Oct 082006
Authors: Emily Polak

Cans were dancing, classic cars were honking, 1770s revolutionaries were marching and ’80s tunes were blasting.

Even Starbucks had a float.

“The parade got my morning going with a bang,” said Wes Fuller, a freshman open-option major seeking engineering.

Crowds of thousands of alumni, students and community members gathered along Laurel Street to watch the homecoming parade on Saturday morning and start off their homecoming weekend.

The parade and the crowd were overflowing with CSU pride.

“It is a good way to bring the community together,” said Ajay Menon, the dean of the College of Business, as he socialized with alumni and faculty.

He and many other alumni were having a good time and sharing their CSU pride.

“It’s very well put together,” said Joe Schmidt, who graduated from CSU in 1989. Schmidt does not have any children attending CSU currently, but enthusiastically pointed out his oldest will be a Ram in five years.

Steve Juarez, also an alumnus, was laughing and playing in the leaves with his toddler son.

“This is Ben’s first parade,” Juarez said. “It’s a great one.”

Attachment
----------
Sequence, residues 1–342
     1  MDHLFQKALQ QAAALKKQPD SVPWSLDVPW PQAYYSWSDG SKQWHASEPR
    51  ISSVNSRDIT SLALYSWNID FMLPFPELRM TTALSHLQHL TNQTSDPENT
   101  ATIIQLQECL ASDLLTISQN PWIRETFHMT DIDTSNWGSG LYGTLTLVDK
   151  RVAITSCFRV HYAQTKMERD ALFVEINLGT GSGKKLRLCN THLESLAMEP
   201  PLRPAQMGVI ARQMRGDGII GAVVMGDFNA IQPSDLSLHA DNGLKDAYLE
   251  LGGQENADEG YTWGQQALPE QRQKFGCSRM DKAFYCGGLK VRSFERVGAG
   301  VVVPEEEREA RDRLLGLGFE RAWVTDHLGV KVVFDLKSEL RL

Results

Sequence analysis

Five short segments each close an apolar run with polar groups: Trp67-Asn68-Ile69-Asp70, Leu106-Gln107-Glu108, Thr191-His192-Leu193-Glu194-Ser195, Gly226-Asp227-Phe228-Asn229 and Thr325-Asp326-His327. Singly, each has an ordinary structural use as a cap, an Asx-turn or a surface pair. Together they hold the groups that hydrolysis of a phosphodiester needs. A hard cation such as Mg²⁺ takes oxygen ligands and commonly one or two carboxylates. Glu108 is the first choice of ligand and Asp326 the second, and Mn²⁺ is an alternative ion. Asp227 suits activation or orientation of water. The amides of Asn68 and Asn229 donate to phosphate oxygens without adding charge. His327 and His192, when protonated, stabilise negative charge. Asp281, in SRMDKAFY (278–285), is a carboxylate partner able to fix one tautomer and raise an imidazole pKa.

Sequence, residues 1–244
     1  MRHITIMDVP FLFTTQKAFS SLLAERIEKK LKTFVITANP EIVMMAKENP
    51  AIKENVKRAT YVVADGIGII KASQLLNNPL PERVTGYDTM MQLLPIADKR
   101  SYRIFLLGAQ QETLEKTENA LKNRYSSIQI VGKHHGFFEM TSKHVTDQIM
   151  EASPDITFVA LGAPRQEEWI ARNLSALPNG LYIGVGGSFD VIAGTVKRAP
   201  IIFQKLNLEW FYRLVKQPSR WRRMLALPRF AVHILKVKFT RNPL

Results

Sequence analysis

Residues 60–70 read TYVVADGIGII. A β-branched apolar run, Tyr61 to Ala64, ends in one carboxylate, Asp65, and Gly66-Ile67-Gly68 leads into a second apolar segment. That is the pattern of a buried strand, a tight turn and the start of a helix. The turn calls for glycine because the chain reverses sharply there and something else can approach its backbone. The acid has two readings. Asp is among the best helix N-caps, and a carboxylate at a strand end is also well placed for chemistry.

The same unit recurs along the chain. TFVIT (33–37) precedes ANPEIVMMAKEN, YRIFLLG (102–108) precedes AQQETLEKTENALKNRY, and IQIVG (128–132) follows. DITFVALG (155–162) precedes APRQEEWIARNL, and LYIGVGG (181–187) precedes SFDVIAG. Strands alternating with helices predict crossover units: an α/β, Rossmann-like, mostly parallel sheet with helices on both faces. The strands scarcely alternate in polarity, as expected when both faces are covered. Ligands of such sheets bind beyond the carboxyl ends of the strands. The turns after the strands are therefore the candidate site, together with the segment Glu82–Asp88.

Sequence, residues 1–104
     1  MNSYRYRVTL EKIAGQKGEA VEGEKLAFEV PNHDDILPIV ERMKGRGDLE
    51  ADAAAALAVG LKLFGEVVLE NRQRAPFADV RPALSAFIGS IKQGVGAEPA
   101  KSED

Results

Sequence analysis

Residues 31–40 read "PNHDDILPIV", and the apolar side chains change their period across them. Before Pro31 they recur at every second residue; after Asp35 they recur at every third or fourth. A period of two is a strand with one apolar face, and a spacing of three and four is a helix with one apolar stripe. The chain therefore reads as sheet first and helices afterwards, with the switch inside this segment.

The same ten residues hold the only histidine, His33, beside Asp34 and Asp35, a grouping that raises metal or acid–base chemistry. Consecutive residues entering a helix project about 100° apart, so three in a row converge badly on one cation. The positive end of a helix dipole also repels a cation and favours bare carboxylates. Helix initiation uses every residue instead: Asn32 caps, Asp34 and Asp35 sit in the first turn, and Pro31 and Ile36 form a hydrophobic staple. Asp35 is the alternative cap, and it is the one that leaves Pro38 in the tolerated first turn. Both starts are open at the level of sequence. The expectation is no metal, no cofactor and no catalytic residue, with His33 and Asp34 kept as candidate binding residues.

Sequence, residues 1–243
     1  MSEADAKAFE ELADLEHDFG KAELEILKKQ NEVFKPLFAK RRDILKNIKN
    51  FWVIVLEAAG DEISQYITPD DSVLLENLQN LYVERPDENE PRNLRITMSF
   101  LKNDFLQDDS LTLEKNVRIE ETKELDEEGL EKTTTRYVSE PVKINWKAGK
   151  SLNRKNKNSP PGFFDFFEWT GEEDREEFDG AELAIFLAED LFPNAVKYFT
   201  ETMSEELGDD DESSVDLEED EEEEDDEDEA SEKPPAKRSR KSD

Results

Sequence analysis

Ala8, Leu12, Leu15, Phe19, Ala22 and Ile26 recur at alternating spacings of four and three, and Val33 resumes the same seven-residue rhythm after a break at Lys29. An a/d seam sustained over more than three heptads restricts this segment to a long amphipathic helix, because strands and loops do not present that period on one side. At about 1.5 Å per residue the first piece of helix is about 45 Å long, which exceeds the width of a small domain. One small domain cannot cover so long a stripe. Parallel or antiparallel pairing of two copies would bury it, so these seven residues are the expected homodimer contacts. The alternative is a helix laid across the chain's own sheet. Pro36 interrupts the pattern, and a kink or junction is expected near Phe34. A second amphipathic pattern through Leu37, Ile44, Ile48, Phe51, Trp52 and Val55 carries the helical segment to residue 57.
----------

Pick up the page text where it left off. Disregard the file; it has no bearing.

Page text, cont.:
Alumni were excited to share their CSU pride with family and friends.

Many university and community organizations participated, including RamRide, Cans Around The Oval, the Poudre Valley Fire Authority and the city library.

Many of CSU’s fraternities and sororities participated with themed floats. Four Greek organizations collaborated to bring an ’80s-themed float that got the crowd to show off their dance moves to ’80s classics.

Local schools also participated, bringing their marching bands and cheerleaders.

Toward the end of the parade, political organizations including the Larimer County Democrats and Republicans, Angie Paccione’s and Bob Beauprez’s campaigns and proponents of Referendum I shared their messages.

Some people cheered the arrival of these parade participants, however others were not impressed.

“It was great,” said community member Steve Dugger. “Until all the politicians started showing up.”

Staff writer Emily Polak can be reached news@collegian.com.

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